By Shell on May 17, 2022
There was a time when a little mechanical tinkering was the rule for the everyday motorist, but the increasing complexity and computerisation of today's cars means those days are behind us.
Some cars have even eliminated the humble oil dipstick, restricting a simple oil-level check to professionals with the correct equipment. But while getting into a car's oily bits is a job best left to experts, there are still plenty of small maintenance jobs you can tackle yourself, potentially saving a good chunk of money in the process. Here are five to add to your to-do list.
Changing wiper blades
These sometimes cost up to $100 or more to replace at a dealer. Getting a set from a wiper-blade specialist or motoring accessory store and fitting them yourself is an easy way to cut the cost. Different cars require different blades, so pre-purchase research is essential. Fitment is typically a simple slide-and-click process but if you're unsure, check your owner's manual or even YouTube, where you've got a good chance of finding a detailed tutorial for your car.
Changing lighting globes
Replacing these is another job you don't necessarily have to leave to professionals. While getting to headlight or tail-light globes can be fiddly, most aren't that much more difficult to change over than your average home-lighting globe. Again, you'll want to do your research to ensure you're getting the right globe and getting the changeover process right. If your car has LED or high-intensity discharge (HID) lighting, you might need to replace an entire failed lighting module rather than just a globe.
Tyres naturally lose pressure over time and under-inflated tyres decrease fuel efficiency. Over-inflated tyres, meanwhile, can wear faster. A weekly pressure check is the best way to ensure you're maximising tyre efficiency and life. It will also help you identify and rectify unusual wear or other problems that could shorten their life or result in a puncture or blowout.
While a growing array of cars don't let you check the oil, many still do and it's a relatively simple job. As well as telling you how much oil is in your engine, the colour and condition of the oil on the dipstick can tell you a lot about your engine's health, allowing you to identify sudden consumption or condition changes and seek professional help before more harm is caused. If you really want to keep on top of any developing mechanical issues before they potentially become money pits, add brake-fluid, power-steering fluid, transmission-fluid and coolant checks to your regime. Your owner's manual will tell you where the relevant dipsticks or reservoirs are and how to check the levels.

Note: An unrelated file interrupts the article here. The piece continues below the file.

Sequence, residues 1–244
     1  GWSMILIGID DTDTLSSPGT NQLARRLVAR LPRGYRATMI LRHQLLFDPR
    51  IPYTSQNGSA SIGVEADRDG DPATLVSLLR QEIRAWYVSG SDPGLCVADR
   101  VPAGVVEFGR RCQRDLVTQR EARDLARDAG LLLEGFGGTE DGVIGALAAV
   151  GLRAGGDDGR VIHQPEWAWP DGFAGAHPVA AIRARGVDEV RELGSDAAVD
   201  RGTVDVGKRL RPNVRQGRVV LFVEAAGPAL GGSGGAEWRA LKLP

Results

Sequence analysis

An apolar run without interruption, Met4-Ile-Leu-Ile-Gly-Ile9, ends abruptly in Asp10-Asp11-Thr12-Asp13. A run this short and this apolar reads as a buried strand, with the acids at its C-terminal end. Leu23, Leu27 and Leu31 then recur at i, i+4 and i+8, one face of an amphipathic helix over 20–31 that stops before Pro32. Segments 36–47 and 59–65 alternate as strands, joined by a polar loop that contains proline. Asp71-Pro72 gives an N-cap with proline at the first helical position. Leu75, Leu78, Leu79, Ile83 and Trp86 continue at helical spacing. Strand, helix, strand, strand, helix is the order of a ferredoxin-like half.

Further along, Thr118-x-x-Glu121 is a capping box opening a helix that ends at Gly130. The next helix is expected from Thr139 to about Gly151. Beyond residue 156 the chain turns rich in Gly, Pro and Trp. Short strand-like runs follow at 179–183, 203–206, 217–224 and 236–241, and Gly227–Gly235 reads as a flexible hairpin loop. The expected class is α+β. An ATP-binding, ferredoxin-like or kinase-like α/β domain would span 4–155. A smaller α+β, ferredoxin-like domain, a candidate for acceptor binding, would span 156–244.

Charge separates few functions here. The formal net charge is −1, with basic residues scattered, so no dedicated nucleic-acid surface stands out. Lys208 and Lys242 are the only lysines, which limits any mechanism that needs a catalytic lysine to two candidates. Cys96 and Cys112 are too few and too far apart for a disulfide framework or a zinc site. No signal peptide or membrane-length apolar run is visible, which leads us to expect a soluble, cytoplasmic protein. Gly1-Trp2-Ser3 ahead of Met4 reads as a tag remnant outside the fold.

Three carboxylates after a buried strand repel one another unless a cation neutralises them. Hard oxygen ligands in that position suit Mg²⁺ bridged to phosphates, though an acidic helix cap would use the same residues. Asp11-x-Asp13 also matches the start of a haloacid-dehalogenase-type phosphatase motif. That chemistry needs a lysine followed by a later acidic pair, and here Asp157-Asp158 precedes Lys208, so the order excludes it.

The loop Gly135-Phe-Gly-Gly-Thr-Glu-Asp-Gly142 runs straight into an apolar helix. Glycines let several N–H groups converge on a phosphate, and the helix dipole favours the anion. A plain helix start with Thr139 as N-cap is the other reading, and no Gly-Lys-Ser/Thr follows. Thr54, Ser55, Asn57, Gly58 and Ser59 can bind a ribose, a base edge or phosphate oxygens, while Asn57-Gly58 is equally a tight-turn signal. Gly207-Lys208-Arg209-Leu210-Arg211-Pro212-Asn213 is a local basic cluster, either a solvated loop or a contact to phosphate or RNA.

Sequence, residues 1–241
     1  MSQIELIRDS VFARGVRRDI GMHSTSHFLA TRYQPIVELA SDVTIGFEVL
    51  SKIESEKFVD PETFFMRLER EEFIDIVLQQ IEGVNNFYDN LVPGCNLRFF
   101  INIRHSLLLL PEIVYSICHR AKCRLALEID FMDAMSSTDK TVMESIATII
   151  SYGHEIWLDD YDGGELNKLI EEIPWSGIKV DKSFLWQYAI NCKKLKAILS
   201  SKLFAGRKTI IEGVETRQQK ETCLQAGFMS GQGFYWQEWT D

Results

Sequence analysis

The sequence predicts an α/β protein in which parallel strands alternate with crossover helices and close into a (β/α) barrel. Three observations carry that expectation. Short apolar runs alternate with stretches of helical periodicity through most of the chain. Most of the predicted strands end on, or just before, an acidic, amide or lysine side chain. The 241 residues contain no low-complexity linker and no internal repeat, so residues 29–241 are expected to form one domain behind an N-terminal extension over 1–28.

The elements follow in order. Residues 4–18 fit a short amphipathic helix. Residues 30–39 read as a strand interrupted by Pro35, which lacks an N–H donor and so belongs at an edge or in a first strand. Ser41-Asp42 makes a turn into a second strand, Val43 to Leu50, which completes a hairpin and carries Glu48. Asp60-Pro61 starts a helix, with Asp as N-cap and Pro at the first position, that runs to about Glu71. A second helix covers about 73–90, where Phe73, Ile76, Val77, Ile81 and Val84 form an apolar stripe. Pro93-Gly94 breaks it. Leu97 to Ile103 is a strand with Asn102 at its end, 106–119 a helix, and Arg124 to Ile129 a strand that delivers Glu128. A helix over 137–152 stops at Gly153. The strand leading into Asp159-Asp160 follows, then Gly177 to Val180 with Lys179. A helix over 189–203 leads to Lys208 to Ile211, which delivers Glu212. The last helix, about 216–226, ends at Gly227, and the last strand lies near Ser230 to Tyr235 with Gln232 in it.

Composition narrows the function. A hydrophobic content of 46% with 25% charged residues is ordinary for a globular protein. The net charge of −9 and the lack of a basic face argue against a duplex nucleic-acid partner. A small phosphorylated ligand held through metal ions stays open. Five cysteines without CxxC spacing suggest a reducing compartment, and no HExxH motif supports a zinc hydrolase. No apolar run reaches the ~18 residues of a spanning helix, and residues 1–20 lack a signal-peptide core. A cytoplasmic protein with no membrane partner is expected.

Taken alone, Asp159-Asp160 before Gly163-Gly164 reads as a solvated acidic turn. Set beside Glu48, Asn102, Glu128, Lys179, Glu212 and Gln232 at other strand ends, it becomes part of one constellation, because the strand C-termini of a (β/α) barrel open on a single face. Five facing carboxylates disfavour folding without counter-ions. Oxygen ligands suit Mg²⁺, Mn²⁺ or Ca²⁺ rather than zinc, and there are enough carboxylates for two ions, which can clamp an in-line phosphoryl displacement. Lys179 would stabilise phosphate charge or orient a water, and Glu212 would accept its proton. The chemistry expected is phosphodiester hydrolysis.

Cleaning or changing battery
Many modern cars require a 'reset' with a professional tool after a battery disconnection or their various electronic systems can go haywire. If your car is a little older and there are no warnings about battery disconnection in your owner's manual, some basic battery maintenance could pay for itself. If you're already checking fluids, taking the time to check the battery's posts, terminals and clamps are clean and securely connected while the bonnet's already up will ensure you're maximising its efficiency and lifespan.
Drive something older?
If your car is less than contemporary, more in-depth DIY maintenance jobs such as oil, filter and spark-plug changes are likely to be within your grasp with the right tools and a semblance of care and patience. Whether it's the owner's manual, a book or an online resource, the information is out there to do the job.
Even a simple mechanical task, however, can end up requiring costly professional intervention if you mess it up, so if you've got any doubts, leave it to the experts.